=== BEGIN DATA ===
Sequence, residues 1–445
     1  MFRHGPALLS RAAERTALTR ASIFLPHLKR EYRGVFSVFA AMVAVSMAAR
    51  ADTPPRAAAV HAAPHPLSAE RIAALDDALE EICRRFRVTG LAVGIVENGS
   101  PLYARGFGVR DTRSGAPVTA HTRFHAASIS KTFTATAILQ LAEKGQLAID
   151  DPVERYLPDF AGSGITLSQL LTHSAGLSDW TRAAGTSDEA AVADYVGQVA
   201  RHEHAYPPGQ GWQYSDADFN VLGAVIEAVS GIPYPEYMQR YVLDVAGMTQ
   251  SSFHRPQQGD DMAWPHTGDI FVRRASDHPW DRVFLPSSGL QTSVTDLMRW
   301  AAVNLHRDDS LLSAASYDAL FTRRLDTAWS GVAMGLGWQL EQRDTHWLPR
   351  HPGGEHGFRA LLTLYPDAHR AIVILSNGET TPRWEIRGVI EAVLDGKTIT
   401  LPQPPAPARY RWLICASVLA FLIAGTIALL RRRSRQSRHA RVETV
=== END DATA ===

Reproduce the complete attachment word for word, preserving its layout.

Sequence, residues 1–445
     1  MFRHGPALLS RAAERTALTR ASIFLPHLKR EYRGVFSVFA AMVAVSMAAR
    51  ADTPPRAAAV HAAPHPLSAE RIAALDDALE EICRRFRVTG LAVGIVENGS
   101  PLYARGFGVR DTRSGAPVTA HTRFHAASIS KTFTATAILQ LAEKGQLAID
   151  DPVERYLPDF AGSGITLSQL LTHSAGLSDW TRAAGTSDEA AVADYVGQVA
   201  RHEHAYPPGQ GWQYSDADFN VLGAVIEAVS GIPYPEYMQR YVLDVAGMTQ
   251  SSFHRPQQGD DMAWPHTGDI FVRRASDHPW DRVFLPSSGL QTSVTDLMRW
   301  AAVNLHRDDS LLSAASYDAL FTRRLDTAWS GVAMGLGWQL EQRDTHWLPR
   351  HPGGEHGFRA LLTLYPDAHR AIVILSNGET TPRWEIRGVI EAVLDGKTIT
   401  LPQPPAPARY RWLICASVLA FLIAGTIALL RRRSRQSRHA RVETV